The actor has long had a fraught relationship with the media and their intrusions on his private life. As he promotes his new film with Steven Soderbergh, he talks about life post-Leveson and his love of theatre.
'I'm 40! I'm an adult!" shouts Jude Law. "Aren't I?" We hold these truths to be self-evident, I reply, as the actor, laughing, stares across the table with those adorable baby blues and more hair than's fair. "But," he says more quietly, "part of me thinks I can't play a doctor. Who would come to me?"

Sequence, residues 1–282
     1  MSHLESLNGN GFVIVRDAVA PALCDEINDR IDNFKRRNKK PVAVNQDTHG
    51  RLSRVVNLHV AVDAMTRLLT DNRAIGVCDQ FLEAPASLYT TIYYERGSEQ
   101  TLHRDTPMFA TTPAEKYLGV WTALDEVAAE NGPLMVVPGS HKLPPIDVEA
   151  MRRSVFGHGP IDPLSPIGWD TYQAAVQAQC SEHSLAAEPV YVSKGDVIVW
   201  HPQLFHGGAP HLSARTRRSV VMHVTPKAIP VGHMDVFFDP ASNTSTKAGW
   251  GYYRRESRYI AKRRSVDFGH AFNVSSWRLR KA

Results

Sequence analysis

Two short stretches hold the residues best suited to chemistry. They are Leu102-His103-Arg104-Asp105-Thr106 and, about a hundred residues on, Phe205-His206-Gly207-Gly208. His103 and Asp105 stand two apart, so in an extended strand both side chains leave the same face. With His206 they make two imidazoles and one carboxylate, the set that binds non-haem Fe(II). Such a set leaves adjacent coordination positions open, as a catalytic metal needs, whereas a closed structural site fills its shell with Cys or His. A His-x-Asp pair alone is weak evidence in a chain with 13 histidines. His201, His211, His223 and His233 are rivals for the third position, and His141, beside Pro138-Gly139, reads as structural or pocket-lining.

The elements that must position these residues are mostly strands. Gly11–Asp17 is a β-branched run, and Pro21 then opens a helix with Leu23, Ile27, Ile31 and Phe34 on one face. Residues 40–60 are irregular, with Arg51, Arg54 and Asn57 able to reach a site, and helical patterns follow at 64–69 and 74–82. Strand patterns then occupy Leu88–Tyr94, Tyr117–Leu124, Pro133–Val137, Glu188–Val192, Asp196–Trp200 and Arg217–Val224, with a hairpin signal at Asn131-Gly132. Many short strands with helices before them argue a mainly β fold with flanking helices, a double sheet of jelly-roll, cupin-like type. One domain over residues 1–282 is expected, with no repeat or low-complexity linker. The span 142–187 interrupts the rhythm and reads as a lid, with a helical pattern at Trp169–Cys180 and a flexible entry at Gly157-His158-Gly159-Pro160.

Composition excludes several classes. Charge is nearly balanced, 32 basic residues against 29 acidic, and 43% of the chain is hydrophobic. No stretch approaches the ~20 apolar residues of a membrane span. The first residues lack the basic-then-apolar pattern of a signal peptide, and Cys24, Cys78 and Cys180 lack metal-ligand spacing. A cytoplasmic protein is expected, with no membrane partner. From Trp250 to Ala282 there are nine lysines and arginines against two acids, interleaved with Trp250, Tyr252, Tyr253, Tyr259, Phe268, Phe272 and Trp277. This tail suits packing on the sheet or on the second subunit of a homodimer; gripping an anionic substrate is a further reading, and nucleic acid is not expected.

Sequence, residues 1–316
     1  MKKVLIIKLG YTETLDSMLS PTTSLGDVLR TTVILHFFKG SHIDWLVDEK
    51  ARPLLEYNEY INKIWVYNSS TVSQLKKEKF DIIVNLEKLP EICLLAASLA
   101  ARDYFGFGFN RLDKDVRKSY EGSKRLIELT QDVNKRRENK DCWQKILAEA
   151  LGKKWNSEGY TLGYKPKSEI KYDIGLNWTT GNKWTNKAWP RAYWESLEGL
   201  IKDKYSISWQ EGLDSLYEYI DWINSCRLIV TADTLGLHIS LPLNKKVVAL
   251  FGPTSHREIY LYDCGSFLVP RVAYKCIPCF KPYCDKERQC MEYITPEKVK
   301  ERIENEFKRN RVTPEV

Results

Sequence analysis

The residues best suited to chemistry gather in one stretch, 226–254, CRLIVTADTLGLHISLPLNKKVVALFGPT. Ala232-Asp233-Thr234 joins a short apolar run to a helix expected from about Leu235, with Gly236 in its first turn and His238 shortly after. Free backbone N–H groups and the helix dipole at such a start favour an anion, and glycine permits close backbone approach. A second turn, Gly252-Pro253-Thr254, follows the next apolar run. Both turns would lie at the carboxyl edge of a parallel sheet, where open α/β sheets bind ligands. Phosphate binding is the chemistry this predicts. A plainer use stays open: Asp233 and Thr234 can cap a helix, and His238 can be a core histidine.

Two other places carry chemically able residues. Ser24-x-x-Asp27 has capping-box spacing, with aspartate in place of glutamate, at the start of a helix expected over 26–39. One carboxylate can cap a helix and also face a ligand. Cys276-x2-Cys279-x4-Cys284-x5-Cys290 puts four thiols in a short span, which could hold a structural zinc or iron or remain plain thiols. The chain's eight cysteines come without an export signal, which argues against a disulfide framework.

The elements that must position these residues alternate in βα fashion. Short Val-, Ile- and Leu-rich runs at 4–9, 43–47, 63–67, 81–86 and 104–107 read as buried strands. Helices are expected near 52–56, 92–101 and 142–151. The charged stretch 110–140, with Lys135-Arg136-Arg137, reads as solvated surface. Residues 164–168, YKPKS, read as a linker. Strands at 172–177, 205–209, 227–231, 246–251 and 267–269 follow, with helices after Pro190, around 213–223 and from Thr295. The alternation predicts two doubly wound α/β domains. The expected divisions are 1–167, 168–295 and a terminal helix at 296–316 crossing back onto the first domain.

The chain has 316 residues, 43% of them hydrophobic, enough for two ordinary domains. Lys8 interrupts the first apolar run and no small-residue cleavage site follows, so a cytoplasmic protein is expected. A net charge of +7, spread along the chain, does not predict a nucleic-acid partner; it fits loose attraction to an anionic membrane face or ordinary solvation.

You've got to be kidding. Who wouldn't come to Dr Jude? In Steven Soderbergh's film Side Effects, Law plays an Englishman in New York, a slimy limey of a pill-dispensing psychiatrist who becomes entangled in murder, drug switcheroos, a risible lesbian insider trading scam and lots more vaguely voguish, putatively Hitchkockian hokum before the credits. Astute critics have compared this performance with the one Law gave in the 2004 film I Heart Huckabees, where he played a shallow business exec in psychic meltdown. "The de-smugging of Jude Law is yet again a dramatic motor to swear by," wrote the Daily Telegraph. Quite so: seeing Dr Jude losing his Brit cool when wrong-footed by faux-innocent Rooney Mara or handbagged by crackers shrink Catherine Zeta-Jones is worth the price of admission alone.